JC Penney: JC Penney launched Online Reality Show to "Flip" fashion tips between teen subcultures

  • The show takes teens out of normal social situations and puts them with a different group, leading to the sharing of fashion secrets and such. The series is supposed to illustrate the diversity of JC Penney's offerings.

  • New episodes will appear on weekly for eight weeks. The site also features character profiles and more, including fashion advice.

  • Online video was seen as the best way to connect to the teen demographic since that's what they spend an increasing amount of time consuming.

Family Education Network: Back-to-School calendar with parenting advice, articles & quizzes for kids; parents can enter Family Education Network Back-to-School Shopping Spree Sweepstakes to win $4,000

  • Every weekday, parents can visit and check the Back-to-School calendar to find new articles, slideshows and quizzes for getting a jump on the school year

  • They can enter the 2007 Back-to-School Shopping Spree Sweepstakes daily to win up to $4,000 in American Express travelers Checks, for stocking up on clothes and school supplies

Crayola & Wal-Mart: Making back-to-school shopping simple by enlisting teacher consultants to provide expert back-to-school shopping advice

  • Crayola & Wal-Mart joined together so every child heading back to class on the first day of school is equipped with the right teacher-requested school supplies an is "dressed for success" for the school year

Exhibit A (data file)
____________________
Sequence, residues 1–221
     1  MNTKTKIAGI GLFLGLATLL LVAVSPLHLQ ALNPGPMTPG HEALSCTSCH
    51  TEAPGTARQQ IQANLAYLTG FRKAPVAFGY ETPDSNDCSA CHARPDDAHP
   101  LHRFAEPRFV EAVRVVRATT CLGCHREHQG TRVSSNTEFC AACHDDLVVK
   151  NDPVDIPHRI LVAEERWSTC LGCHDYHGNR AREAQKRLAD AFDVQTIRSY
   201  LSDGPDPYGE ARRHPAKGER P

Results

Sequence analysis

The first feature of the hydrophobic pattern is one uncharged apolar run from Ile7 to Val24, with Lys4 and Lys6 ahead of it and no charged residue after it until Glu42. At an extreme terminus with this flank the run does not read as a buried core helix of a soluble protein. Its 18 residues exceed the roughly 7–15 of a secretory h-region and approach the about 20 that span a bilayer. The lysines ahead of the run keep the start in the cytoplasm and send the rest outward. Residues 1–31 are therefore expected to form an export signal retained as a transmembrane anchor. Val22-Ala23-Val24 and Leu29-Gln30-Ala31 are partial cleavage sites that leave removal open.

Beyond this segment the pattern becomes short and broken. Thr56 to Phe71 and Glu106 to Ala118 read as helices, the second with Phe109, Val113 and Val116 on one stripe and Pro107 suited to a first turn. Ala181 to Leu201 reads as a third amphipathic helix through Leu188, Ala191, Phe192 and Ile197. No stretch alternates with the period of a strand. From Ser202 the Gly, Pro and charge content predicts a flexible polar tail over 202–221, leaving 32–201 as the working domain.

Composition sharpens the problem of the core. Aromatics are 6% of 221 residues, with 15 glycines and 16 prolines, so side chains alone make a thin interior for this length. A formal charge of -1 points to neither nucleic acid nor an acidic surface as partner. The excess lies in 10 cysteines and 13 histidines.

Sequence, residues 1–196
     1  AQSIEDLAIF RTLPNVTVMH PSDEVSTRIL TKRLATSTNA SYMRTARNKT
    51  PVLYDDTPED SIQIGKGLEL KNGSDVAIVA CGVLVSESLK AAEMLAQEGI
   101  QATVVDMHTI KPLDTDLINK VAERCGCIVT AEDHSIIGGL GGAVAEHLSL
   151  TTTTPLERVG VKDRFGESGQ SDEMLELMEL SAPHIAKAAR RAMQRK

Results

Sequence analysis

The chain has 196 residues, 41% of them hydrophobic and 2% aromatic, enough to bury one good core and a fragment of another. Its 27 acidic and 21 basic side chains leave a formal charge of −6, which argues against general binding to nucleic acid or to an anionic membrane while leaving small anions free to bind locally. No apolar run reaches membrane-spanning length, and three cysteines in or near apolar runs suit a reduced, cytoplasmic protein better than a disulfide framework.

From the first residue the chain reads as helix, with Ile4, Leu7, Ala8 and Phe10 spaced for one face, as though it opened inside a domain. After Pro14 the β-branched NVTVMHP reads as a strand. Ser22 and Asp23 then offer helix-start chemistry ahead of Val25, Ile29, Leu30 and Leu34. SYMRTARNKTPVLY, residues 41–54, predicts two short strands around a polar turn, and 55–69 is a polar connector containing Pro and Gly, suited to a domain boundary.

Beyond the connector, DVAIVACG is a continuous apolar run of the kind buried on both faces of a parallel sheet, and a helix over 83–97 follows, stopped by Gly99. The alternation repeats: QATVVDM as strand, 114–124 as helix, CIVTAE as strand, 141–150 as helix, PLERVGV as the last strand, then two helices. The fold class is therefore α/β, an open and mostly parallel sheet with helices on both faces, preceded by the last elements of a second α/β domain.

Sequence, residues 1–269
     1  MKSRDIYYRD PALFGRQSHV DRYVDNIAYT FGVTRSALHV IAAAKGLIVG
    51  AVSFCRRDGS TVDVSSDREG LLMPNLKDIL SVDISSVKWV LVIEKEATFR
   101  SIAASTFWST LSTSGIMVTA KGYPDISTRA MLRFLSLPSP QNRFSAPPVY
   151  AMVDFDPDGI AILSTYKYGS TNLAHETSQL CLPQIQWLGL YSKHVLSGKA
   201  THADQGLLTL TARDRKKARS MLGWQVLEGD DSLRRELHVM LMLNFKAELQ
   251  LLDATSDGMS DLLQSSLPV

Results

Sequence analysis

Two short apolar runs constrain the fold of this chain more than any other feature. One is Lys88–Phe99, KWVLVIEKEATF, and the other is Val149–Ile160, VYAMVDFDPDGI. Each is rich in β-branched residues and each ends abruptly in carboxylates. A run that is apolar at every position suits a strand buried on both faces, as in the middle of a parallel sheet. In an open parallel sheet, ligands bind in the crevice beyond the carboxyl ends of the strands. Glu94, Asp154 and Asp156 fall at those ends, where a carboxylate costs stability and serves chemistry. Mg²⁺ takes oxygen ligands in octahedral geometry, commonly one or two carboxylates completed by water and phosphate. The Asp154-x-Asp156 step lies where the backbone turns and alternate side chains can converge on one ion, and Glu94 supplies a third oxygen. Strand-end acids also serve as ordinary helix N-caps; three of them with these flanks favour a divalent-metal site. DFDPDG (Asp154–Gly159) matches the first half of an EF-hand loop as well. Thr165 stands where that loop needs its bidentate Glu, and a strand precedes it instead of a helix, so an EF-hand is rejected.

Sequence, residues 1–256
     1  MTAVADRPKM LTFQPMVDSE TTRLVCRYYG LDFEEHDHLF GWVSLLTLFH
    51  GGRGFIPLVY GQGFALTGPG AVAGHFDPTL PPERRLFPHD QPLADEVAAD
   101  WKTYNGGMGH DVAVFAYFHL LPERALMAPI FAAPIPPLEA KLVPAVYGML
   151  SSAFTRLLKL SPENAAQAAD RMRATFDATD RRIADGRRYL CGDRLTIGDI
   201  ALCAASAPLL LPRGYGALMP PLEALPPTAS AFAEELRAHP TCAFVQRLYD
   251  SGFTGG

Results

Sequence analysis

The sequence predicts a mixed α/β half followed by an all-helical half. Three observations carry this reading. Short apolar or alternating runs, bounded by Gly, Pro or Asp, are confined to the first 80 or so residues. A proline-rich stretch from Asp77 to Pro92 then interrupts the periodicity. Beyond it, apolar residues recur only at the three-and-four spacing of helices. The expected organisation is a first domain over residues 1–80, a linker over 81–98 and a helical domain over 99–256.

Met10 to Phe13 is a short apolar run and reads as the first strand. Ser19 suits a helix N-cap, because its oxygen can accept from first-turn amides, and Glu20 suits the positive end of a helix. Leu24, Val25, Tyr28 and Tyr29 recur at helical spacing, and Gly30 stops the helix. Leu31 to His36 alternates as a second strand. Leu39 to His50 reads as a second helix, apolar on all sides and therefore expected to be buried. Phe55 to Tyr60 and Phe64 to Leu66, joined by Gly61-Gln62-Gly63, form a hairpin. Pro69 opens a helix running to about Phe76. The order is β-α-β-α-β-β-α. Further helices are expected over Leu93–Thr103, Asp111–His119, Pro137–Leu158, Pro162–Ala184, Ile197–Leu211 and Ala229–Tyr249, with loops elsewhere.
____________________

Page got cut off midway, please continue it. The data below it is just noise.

• "The frenzy and pressure related to buying back-to-school supplies is very much like holiday shopping. It's all about finding the "must-have" supplies on school lists," says Nancy DeBellis, Crayola director of education. "Wal-Mart and Crayola know the stress this puts on parents, which is why we joined forces to simplify the experience."

  • Stores hosting teacher consultants can also be found through the retailer's web site.

OfficeMax: Teachers can earn $500 for their classrooms through OfficeMax's new Back-to-School Bonus Program

  • New MaxPerks for Teachers Bonus Program Designed to Minimize Teacher Spend on School Supplies
    "According to Adopt-A-Classroom*, teachers in America today spend an average of $1,400 a year out of their own pockets for classroom supplies -- about $4 billion that's not funded by the education system," said Ryan Vero, executive vice president of marketing and chief merchandising officer for OfficeMax. "Teachers make a substantial financial sacrifice to create meaningful learning environments. We designed our
    Back-to-School Bonus program to show our ongoing support to help teachers achieve their lesson plan goals and to alleviate some of the financial burden."

  • Teachers simply enroll in MaxPerks for Teachers at, create a back-to-school shopping list for their students, and then distribute the list to students and their parents by email or by handing out printed copies. More than 5,000 teachers have already signed up for the new Back-to-School Bonus program